The project was not without its challenges though, as COVID-19 continued to throw up new obstacles. One moment where we really felt the impact of the restrictions was in advance of the second workshop, which was focused on building empathy for migrant workers’ lived experience in Singapore.
A dormitory operator from the first workshop had offered to take interested participants on a tour of the workers’ dormitories to give them a deeper appreciation of what migrant workers’ lives look like. This would have been a fantastic opportunity for empathy and connection building, but a new set of restrictions meant it wasn’t possible.
We had to get creative to find a way to capitalize on this opportunity.
Thankfully, our constantly fantastic partners at NVPC worked with us to come up with a creative solution. They managed to recruit 10-12 migrant workers to join the second workshop, which involved getting permission from their employers, providing them with data cards, and finding translators where needed.
During the workshop, we split the cohort out into 10 breakout groups, each with a migrant worker participant present. This gave all participants the opportunity to have a more intimate conversation and openly share their experiences and ask questions. In one of these breakout groups, the migrant worker participant gave the group a tour of the COVID-19 quarantine facility he was living in at the time, providing an invaluable and authentic insight into his lived experience.
We at ThinkPlace believe that there is true value in getting different players in a system talking to each other and sharing their unique perspectives. Through this project we had the opportunity to utilise our expertise in brokering between different voices to help set the foundations for change in a vital space.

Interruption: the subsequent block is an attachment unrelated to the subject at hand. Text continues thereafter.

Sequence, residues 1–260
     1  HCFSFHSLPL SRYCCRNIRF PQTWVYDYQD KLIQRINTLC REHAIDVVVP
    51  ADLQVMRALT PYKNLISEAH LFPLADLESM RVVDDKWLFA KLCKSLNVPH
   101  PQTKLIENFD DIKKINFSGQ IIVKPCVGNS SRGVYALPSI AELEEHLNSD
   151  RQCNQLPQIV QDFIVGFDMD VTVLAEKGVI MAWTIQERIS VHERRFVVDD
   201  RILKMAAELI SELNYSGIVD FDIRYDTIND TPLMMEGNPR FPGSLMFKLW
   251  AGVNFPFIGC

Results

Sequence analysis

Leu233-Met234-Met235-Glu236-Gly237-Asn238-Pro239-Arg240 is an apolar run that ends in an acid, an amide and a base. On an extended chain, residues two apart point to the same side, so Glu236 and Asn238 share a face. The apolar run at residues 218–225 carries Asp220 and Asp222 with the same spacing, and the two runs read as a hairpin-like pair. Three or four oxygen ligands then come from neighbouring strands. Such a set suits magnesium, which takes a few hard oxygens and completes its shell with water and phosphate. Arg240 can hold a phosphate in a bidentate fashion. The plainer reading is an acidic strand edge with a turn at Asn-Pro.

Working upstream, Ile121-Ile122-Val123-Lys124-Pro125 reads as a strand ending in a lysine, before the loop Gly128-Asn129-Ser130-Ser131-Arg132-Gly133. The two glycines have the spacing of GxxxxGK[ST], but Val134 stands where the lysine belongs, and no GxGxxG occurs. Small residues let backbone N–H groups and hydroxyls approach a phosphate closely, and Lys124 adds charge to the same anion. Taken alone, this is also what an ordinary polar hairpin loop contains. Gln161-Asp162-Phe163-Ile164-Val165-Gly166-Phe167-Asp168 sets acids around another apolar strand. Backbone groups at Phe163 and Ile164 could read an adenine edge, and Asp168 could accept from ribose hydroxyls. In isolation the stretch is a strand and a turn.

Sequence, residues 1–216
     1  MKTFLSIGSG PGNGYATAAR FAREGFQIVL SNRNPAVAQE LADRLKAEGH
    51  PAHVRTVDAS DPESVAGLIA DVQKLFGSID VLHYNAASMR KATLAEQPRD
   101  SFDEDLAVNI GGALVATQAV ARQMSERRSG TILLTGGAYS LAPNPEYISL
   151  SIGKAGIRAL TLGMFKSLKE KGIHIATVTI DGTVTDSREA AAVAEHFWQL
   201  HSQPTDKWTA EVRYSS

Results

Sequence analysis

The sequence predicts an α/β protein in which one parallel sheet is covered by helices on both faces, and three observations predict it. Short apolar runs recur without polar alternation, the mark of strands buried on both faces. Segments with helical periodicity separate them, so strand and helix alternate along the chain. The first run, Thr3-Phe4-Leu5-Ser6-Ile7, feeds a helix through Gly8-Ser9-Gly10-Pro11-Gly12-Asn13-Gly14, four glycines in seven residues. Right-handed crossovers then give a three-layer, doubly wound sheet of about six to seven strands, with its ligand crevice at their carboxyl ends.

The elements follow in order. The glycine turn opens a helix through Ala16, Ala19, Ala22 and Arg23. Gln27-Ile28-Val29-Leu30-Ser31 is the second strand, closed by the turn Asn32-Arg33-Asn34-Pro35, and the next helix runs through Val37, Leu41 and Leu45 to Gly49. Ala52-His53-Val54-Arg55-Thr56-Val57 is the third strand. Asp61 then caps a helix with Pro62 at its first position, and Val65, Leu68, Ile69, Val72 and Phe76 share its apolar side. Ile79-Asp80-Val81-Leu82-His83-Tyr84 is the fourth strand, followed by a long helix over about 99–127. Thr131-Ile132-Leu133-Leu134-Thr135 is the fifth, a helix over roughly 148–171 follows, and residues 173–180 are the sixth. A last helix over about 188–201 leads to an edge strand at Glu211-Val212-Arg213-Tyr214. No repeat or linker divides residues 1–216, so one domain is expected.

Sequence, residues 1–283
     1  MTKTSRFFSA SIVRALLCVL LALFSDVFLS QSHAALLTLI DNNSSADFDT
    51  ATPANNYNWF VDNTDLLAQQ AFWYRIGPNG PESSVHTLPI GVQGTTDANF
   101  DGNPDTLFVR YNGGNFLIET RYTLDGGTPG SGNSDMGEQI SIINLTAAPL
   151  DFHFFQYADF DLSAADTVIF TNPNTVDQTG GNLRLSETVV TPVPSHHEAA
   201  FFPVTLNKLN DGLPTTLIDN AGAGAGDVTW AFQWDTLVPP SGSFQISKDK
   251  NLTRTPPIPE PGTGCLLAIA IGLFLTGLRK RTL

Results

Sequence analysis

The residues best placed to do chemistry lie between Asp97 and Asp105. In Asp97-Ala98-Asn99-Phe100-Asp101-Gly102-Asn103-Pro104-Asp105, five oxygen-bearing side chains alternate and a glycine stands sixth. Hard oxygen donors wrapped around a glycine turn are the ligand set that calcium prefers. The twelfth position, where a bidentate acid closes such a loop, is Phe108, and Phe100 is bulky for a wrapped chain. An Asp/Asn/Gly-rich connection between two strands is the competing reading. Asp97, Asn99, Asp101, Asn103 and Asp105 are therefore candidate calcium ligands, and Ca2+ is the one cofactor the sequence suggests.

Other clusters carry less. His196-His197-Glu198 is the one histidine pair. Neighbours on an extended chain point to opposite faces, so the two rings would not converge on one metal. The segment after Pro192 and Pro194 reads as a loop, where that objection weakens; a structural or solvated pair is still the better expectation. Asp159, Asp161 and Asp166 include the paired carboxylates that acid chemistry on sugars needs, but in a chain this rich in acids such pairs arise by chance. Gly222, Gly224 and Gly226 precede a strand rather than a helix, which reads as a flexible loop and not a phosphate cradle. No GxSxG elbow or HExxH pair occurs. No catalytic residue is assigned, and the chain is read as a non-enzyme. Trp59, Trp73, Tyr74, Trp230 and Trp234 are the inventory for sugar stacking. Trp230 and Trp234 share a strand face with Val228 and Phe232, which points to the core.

We got to see this opportunity realised. Across the workshop series, we saw relationships and potential partnerships forming between participants from different sectors and backgrounds. Through their collaboration in the workshops, participants were able to identify five areas of opportunity for action, giving them a clear potential pathway for creating impact.
Additionally, the co-created systems maps continued to be used by participants and other stakeholders as a common reference point to map out subsequent collaborations and initiatives. It is also a convenient visual ‘handle’ to attract other stakeholders who did not take part in the workshops to subsequently join their action network, further multiplying their avenues of impact.
The outputs of the project – both material and emotional – will pave the way for stronger partnerships and relationships between different players in the migrant worker ecosystem that will help uplift the “live, work, and play” experiences of male migrant workers in Singapore.
Colabs is a philanthropic initiative pioneered by NVPC and the Community Foundation of Singapore (CFS) to drive collaboration by bringing together the public, private and social sectors to tackle complex social issues. It enables the diverse sectors to come together, collectively build insights and work towards collaborating for greater social impact. Grounded upon the principles of “activating empathy”, “increasing cognitive understanding” and “building community, Colabs series are multi-month journeys involving learning, alignment and action. Prior to the Migrant Workers Colabs, NVPC convened series on Children and Youth (2017), Persons with Disabilities (2018), and Seniors (2019).